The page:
The 2014 Galaxy Community Conference (GCC2014) will be held June 30 through July 2, at the Homewood Campus of Johns Hopkins University, in Baltimore, Maryland, United States.
Galaxy Community Conferences are an opportunity to participate in presentations, discussions, poster sessions, lightning talks and breakouts, all about high-throughput biology and the tools that support it. The conference will also includes a Training Day offering in-depth topic coverage, across several concurrent sessions. See the GCC2013 web site for an idea of what happens at a Galaxy Community Conference.
Galaxy Day, December 4, Paris
The IFB (French Bioinformatic Institute) Galaxy working group is organizing a seminar around the Galaxy platform which will takes place in Paris on December 4 (@Institut Curie - 9h30-17h).
The main aim of this meeting is to share experiences from laboratories and platforms working daily with Galaxy. Thirteen talks will have been selected to present insights about installations and releases of Galaxy platforms, new usages / domains, and technological developments.
Registration is open and free, but limited to 90 people.
UC Davis Bioinformatics Boot Camps
Registration is now open for Bioinformatics Bootcamps in December!
The next offering of UC Davis Bioinformatics Bootcamps will be held on the UC Davis campus December 10-13.
These focused one-day courses are for researchers looking to get up to speed quickly on the latest technologies and techniques in bioinformatics. Students will work on their own laptops and have continued access to software and example data used in the exercises through a public Amazon Web Services virtual machine. The first three bootcamps will use the Galaxy platform, and the final bootcamp will use both Galaxy and the command-line. The Alignment and Assembly bootcamps (Dec. 11th & 12th) require you to know Galaxy, so if you are unfamiliar with Galaxy, you should also take the Introduction bootcamp on Dec. 10th.
Tuesday, December 10: Introduction to Next-Generation Sequence Analysis with Galaxy
Wednesday, December 11: Next-Generation Sequence Alignment and Variant Discovery
Thursday, December 12: Genome Assembly using Next-Generation Sequence Data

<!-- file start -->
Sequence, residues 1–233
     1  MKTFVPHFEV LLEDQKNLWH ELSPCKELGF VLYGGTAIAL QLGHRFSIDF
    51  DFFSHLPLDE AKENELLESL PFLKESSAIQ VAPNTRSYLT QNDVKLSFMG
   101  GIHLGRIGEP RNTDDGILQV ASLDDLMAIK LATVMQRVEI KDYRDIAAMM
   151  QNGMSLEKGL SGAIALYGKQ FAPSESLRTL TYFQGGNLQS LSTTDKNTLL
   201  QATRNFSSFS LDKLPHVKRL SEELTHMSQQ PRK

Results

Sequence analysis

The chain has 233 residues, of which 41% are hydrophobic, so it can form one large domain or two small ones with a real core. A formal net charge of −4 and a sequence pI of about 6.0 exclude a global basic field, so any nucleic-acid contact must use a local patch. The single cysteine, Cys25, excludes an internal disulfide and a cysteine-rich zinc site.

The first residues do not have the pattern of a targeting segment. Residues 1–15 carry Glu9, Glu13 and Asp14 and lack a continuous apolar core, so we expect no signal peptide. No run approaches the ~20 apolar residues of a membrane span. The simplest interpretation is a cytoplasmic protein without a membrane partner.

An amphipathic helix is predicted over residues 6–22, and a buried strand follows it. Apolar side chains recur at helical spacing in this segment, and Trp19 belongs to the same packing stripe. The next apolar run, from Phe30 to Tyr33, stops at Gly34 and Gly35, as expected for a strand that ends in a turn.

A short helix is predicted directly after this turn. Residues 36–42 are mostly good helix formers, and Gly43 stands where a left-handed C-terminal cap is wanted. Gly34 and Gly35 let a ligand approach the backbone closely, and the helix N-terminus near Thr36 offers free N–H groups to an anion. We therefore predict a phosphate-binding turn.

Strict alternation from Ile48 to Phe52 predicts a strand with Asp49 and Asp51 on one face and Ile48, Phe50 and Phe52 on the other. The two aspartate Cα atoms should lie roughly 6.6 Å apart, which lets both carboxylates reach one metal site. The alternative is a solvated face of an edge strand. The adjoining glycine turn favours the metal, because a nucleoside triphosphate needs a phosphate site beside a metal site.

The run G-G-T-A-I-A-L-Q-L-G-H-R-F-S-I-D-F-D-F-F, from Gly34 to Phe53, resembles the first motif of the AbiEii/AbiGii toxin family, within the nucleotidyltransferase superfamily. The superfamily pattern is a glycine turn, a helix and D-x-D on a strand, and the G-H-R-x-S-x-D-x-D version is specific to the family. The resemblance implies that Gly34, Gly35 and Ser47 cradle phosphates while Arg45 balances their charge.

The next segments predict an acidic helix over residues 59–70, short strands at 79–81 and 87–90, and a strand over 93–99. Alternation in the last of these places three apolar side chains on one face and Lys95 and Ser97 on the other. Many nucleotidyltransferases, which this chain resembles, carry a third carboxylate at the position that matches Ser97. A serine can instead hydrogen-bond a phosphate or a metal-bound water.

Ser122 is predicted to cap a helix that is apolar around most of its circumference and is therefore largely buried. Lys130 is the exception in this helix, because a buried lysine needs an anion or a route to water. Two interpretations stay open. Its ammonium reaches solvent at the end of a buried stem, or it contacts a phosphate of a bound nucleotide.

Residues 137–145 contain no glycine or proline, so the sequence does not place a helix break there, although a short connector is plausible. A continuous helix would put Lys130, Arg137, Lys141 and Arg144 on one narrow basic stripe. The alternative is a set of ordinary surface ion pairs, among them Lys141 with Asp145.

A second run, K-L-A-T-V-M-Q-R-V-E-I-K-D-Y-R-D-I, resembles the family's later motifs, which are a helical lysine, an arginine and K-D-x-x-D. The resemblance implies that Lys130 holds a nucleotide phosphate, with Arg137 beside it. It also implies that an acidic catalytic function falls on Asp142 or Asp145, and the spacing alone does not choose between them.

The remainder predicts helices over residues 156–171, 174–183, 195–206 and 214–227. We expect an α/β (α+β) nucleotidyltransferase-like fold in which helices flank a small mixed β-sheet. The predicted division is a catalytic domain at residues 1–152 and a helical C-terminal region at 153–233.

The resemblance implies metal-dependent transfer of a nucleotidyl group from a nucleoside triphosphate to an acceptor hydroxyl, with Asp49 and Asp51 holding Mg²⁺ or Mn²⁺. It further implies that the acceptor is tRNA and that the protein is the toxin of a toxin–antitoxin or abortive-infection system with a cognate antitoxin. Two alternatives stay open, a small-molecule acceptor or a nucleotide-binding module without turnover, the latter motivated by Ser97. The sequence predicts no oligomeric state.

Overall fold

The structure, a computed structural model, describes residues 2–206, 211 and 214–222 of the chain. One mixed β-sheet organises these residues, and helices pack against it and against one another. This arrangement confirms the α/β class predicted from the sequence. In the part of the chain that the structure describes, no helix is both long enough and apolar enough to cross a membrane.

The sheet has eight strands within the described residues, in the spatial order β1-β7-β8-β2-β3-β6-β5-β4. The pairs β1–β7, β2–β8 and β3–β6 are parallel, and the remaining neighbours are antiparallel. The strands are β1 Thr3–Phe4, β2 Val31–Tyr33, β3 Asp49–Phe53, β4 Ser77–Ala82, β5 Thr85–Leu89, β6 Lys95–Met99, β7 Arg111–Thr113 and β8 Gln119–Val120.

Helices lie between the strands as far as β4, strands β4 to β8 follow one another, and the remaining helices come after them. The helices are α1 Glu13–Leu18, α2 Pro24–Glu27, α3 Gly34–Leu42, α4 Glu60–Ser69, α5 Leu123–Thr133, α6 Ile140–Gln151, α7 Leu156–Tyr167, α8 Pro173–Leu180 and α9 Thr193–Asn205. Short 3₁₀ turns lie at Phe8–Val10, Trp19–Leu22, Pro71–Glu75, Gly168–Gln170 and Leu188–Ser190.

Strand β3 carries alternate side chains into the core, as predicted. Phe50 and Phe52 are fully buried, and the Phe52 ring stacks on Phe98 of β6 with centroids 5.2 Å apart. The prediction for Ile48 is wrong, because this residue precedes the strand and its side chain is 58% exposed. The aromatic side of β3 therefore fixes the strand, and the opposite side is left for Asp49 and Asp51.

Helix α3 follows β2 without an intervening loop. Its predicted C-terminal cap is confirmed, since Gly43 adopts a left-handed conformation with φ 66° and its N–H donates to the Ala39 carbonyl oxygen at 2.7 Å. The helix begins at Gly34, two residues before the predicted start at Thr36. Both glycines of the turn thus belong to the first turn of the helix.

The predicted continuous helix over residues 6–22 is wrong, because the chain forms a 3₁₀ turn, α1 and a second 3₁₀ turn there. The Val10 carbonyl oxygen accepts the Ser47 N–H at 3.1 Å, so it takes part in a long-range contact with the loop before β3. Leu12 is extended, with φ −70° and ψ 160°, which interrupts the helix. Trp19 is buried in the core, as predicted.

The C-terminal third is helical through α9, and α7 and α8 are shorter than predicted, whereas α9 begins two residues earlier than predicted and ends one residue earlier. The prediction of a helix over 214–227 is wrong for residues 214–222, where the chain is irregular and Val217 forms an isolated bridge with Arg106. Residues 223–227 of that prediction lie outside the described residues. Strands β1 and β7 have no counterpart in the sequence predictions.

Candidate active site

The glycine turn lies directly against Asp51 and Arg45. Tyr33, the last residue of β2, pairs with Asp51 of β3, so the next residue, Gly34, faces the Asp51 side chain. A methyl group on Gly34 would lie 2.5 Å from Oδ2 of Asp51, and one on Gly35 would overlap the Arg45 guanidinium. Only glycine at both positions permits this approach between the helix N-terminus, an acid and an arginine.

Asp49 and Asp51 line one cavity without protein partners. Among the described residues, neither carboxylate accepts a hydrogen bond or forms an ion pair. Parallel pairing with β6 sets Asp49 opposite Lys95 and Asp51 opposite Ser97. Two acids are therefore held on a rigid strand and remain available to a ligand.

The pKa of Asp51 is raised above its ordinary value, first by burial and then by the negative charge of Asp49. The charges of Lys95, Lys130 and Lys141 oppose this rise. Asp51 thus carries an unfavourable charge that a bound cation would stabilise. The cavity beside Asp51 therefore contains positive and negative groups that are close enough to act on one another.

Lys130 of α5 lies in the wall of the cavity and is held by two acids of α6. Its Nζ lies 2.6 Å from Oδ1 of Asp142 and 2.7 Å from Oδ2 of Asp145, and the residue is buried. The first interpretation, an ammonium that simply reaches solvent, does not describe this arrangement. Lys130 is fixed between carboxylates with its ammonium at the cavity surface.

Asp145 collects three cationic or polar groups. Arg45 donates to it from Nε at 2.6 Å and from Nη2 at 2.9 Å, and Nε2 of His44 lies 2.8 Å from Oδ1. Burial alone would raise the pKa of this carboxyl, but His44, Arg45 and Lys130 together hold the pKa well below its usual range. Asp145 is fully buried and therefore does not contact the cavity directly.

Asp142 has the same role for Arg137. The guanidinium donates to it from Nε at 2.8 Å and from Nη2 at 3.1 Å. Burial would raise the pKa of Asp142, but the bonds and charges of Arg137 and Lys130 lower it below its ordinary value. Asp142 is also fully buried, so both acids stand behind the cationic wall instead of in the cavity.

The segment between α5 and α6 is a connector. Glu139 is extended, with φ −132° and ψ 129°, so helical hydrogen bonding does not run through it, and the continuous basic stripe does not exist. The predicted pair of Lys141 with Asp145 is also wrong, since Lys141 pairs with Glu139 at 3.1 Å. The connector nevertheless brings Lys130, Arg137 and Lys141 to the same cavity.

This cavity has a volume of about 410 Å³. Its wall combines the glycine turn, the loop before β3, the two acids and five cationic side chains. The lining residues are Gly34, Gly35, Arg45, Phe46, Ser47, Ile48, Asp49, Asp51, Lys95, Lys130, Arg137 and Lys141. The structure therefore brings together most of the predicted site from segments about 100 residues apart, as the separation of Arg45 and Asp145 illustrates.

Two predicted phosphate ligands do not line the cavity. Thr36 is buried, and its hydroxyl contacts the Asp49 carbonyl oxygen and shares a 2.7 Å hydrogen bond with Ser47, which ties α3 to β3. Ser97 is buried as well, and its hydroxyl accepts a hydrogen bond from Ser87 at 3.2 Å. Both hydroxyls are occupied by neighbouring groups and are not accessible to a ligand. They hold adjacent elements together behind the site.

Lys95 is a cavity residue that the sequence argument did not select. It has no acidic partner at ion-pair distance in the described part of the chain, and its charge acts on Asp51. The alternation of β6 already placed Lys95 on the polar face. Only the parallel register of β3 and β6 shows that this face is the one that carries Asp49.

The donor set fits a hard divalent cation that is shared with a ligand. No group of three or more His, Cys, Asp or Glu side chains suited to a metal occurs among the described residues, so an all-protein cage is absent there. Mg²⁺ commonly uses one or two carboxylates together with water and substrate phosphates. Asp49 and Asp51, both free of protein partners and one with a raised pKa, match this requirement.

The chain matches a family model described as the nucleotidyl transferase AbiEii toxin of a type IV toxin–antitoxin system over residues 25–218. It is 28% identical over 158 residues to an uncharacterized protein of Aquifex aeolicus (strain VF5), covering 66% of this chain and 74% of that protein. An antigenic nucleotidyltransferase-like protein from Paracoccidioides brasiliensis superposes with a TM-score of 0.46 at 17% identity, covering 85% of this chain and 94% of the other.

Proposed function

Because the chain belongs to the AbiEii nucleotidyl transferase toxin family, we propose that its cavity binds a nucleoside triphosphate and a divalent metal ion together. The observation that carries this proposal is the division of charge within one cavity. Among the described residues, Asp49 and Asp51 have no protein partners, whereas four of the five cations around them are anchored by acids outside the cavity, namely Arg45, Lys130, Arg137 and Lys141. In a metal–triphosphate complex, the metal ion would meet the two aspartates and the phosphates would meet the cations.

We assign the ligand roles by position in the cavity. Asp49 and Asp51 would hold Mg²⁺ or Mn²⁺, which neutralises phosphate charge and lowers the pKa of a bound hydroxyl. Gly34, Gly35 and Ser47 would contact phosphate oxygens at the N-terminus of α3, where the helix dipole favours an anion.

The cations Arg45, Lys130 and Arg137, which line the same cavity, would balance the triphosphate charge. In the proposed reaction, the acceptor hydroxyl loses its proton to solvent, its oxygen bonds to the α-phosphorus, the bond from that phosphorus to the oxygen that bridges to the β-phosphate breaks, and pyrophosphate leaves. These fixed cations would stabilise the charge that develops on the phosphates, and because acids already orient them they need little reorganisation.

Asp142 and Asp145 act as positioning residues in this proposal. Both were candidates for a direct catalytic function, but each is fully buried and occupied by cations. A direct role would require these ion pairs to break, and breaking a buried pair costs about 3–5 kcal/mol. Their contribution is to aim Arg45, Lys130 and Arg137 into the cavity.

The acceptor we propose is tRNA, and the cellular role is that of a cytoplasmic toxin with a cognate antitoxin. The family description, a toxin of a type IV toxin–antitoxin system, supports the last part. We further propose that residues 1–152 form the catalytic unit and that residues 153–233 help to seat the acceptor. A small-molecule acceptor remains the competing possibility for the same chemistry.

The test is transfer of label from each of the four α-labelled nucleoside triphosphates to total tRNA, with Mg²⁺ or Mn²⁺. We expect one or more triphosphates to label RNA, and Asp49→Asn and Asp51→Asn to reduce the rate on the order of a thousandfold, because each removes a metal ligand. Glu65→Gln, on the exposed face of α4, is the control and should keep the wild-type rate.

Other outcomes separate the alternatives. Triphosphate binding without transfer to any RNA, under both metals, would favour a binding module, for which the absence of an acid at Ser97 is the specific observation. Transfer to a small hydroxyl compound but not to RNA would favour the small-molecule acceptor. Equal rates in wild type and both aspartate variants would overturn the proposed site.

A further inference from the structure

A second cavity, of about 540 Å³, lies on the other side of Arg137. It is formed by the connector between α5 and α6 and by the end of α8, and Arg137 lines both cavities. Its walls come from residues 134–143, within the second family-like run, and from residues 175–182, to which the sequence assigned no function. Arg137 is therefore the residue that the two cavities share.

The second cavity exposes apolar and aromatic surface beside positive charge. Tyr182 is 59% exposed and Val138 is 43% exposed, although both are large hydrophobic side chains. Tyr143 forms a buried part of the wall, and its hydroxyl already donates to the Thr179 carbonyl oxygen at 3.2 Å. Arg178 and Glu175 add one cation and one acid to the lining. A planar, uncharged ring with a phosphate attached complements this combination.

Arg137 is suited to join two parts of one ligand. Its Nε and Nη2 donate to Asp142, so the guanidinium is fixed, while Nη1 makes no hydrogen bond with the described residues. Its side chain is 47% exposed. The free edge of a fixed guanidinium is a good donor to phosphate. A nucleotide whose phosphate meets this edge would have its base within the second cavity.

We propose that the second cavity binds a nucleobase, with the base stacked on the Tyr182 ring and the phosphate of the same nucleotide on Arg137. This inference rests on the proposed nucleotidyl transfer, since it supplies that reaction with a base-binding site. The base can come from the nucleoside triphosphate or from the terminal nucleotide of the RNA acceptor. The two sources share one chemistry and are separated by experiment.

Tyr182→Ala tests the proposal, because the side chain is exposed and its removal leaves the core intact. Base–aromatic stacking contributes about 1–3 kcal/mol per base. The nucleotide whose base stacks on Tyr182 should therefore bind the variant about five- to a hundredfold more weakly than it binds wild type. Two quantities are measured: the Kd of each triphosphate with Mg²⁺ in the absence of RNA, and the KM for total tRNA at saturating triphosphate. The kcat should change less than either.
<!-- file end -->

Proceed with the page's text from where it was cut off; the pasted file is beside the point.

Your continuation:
Friday, December 13: Introduction to the Amazon Cloud for Galaxy and the Command-Line
Enrollment for each bootcamp will be capped at 24 students. Please enroll early to be assured of a seat, as these bootcamps usually fill up quickly! More information, including full descriptions of each bootcamp is available online. The cost for each bootcamp is $200 (academic/government) or $250 (non-academic/industry).
Lifeportal at the University of Oslo
The University of Oslo (UiO), the hosts of this year's Galaxy Community Conference, launched Lifeportal in October. While Lifeportal is not a public Galaxy server, it is available to all research institutions in Norway and their collaborators abroad.
From the Lifeportal website: Lifeportal gives you easy access to the High Performance Computing cluster Abel at the University of Oslo. The Galaxy based Lifeportal has a continuously growing list of services, and among them the most widely used tools from the former Bioportal.
The official opening event was on October 9 and included talks and demonstrations by Nils Christophersen, Rector Ole Petter Ottersen, Nikolay Vazov, Katerina Michalickova, Sveinung Gundersen, and Geir Kjetil Sandve, all of whom spoke and/or presented their work at GCC2013. Rector Ole Petter Ottersen commented that "The slogan of the university is 'reaching for the stars.' Great to open an entire galaxy today."
See this article for more on Lifeportal and why UIO chose Galaxy.
The most recent Galaxy distribution was August 12.
A new version of CloudMan was released in July.
Tool Shed Contributions
There were many...
- spp_tool: Cross-correlation analysis package (SPP)
- micomplete: Completeness report for (single-cell amplified) genomes
- BLAT a very fast sequence alignment tool similar to BLAST
- sequel: correct errors (i.e., insertions, deletions, substitutions) in contigs output from assembly
- macs2: Model-based Analysis of ChIP-Seq (macs2)
- sample: sample records from the input file(s). Supports paired data if paired files are in sync.
- interproscan5: functional annotations/predictions
- cuffmerge, cuffcompare, cuffdiff, and cufflinks
- muscle: multiple alignment tool
- CLC Assembly Cell (CLCbio) (under development and looking for comments)